"We might be much better off. We might bealtogether together--we might travel."
Her face lit up. "That would be lovely," she owned:she would love to travel. But her mother would notunderstand their wanting to do things so differently.
"As if the mere `differently' didn't account for it!"the wooer insisted.
"Newland! You're so original!" she exulted.
His heart sank, for he saw that he was saying all thethings that young men in the same situation wereexpected to say, and that she was making the answersthat instinct and tradition taught her to make--even tothe point of calling him original.
"Original! We're all as like each other as those dollscut out of the same folded paper. We're like patternsstencilled on a wall. Can't you and I strike out forourselves, May?"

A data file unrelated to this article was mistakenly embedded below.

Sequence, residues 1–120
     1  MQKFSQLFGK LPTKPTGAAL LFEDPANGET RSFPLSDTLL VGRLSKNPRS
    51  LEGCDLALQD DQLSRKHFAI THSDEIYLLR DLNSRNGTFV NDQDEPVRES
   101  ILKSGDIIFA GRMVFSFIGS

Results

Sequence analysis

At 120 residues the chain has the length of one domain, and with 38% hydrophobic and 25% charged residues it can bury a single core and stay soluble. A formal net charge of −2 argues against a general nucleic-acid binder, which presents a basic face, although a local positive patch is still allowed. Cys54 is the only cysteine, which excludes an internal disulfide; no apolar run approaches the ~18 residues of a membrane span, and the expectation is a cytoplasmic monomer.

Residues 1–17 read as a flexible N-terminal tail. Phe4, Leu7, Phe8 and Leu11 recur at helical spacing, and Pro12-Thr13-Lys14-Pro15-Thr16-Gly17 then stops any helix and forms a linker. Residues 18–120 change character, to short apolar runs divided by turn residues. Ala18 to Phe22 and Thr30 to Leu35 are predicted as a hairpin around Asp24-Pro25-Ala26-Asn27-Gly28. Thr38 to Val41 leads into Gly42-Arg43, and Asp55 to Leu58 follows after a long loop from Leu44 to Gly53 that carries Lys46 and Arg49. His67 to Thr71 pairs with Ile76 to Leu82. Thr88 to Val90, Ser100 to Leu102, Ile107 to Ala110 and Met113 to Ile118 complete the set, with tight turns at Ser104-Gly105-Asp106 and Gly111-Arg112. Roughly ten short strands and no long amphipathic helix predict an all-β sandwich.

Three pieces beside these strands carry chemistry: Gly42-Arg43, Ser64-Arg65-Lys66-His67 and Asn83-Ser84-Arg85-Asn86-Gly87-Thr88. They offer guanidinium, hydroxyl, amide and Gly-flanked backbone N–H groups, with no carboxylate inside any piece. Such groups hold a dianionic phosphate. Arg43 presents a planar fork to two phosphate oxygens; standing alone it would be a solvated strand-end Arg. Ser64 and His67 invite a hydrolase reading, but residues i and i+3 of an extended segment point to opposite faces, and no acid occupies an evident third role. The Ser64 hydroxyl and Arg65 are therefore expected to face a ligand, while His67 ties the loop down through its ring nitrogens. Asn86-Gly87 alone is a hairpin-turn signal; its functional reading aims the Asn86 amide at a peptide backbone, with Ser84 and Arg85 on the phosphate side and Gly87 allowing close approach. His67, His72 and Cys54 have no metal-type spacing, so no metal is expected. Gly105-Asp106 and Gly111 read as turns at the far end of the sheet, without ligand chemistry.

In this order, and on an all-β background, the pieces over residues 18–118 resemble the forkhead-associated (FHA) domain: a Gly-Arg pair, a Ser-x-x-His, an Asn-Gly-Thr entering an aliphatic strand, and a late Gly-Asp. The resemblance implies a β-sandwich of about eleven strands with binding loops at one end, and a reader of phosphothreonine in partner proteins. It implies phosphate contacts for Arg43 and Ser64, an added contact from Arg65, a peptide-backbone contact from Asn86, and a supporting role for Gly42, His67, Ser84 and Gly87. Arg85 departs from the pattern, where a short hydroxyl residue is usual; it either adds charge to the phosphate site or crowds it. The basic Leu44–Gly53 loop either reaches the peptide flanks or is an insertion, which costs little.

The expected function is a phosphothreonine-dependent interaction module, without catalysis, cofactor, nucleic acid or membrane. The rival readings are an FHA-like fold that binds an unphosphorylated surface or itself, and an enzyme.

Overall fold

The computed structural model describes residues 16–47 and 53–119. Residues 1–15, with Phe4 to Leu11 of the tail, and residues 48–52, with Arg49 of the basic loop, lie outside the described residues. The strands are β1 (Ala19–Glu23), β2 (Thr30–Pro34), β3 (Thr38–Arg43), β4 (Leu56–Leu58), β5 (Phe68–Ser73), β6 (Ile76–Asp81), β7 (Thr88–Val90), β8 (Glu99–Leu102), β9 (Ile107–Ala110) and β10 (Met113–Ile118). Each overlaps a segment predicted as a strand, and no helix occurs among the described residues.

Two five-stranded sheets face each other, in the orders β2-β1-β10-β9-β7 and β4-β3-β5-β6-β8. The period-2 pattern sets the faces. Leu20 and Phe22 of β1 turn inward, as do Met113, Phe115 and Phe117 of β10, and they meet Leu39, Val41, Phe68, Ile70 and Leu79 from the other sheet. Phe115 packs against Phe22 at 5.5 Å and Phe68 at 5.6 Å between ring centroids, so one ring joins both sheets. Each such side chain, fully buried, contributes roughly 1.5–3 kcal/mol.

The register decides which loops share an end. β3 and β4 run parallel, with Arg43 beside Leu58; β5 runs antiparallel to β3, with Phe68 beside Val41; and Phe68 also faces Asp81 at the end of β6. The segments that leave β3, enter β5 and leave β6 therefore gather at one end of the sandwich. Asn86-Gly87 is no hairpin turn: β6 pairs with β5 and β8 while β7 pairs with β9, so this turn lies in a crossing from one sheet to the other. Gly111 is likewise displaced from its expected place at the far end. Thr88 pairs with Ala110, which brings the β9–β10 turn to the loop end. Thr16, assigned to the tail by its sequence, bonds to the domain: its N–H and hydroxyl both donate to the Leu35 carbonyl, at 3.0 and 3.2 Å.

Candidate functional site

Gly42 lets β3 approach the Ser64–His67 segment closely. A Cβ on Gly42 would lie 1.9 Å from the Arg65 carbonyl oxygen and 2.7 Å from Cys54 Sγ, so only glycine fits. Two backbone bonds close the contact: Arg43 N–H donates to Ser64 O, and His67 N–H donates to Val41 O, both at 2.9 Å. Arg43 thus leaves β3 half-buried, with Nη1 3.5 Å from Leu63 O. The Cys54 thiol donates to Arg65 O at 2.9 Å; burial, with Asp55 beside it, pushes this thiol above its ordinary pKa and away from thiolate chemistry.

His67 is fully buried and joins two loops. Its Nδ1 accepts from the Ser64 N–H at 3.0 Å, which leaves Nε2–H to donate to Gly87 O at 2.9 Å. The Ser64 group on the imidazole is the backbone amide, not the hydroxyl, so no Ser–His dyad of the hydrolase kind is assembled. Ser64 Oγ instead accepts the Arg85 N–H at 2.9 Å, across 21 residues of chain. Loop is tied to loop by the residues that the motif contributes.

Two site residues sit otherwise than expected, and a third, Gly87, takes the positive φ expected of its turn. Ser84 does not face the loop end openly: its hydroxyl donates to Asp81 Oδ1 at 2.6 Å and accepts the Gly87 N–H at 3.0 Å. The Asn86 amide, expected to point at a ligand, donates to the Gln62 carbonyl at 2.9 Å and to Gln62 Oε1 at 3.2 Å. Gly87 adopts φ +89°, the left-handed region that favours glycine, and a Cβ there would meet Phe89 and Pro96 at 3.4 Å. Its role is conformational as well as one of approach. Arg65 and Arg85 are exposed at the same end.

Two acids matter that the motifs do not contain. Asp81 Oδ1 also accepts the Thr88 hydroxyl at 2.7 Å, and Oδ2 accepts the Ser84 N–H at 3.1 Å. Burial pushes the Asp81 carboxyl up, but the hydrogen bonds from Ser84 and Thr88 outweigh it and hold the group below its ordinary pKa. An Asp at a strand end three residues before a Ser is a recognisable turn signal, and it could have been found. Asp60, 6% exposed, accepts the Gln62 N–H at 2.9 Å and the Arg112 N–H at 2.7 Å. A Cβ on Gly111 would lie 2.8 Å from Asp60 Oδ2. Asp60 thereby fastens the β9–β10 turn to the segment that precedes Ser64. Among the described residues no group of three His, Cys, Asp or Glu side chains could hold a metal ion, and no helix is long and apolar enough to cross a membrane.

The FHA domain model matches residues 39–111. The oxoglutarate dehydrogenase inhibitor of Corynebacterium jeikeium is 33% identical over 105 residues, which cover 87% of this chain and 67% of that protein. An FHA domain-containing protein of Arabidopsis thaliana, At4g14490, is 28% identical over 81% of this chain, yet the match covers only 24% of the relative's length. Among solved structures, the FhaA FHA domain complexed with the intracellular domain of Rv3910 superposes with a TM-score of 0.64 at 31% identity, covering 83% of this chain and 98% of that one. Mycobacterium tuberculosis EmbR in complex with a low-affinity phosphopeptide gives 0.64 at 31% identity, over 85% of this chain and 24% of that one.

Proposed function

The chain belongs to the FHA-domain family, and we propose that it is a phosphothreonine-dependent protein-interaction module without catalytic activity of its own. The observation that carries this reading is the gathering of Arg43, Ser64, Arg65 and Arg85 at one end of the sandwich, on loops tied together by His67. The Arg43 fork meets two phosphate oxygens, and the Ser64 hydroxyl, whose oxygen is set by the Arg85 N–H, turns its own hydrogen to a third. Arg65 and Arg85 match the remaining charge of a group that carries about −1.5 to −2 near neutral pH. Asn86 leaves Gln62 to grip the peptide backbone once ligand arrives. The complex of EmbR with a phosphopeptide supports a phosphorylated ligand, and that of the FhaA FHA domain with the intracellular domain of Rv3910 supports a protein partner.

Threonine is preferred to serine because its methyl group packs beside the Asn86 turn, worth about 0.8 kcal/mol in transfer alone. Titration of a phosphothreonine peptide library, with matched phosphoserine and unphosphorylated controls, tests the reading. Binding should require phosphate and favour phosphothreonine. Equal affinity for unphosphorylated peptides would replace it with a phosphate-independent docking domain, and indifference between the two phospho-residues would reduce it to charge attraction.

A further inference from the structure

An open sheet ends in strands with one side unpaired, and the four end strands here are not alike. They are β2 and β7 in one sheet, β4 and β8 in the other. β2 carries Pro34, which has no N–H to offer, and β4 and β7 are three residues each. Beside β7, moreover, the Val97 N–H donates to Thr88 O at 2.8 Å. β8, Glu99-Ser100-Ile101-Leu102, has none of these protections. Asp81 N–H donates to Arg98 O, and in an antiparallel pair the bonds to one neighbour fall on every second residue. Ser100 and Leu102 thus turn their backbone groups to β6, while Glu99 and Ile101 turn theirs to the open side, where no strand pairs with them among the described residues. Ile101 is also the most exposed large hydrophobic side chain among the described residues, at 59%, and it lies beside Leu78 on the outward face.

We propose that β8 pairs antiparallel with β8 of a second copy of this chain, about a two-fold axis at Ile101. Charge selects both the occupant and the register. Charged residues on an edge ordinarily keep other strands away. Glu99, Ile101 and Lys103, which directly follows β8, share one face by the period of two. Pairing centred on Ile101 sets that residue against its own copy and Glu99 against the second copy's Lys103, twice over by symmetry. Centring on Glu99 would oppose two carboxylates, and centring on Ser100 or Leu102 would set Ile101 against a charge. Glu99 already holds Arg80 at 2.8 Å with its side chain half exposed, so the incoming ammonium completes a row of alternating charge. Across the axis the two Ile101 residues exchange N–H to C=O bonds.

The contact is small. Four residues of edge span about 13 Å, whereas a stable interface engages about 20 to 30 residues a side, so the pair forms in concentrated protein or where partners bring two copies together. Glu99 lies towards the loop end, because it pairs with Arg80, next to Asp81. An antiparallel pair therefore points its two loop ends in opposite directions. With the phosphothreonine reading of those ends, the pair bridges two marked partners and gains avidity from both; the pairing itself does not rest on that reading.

He had stopped and faced her in the excitement oftheir discussion, and her eyes rested on him with abright unclouded admiration.
"Mercy--shall we elope?" she laughed.
"If you would--"
"You DO love me, Newland! I'm so happy."
"But then--why not be happier?"
"We can't behave like people in novels, though, canwe?"
"Why not--why not--why not?"
She looked a little bored by his insistence. She knewvery well that they couldn't, but it was troublesome tohave to produce a reason. "I'm not clever enough toargue with you. But that kind of thing is rather--vulgar,isn't it?" she suggested, relieved to have hit on a wordthat would assuredly extinguish the whole subject.
"Are you so much afraid, then, of being vulgar?"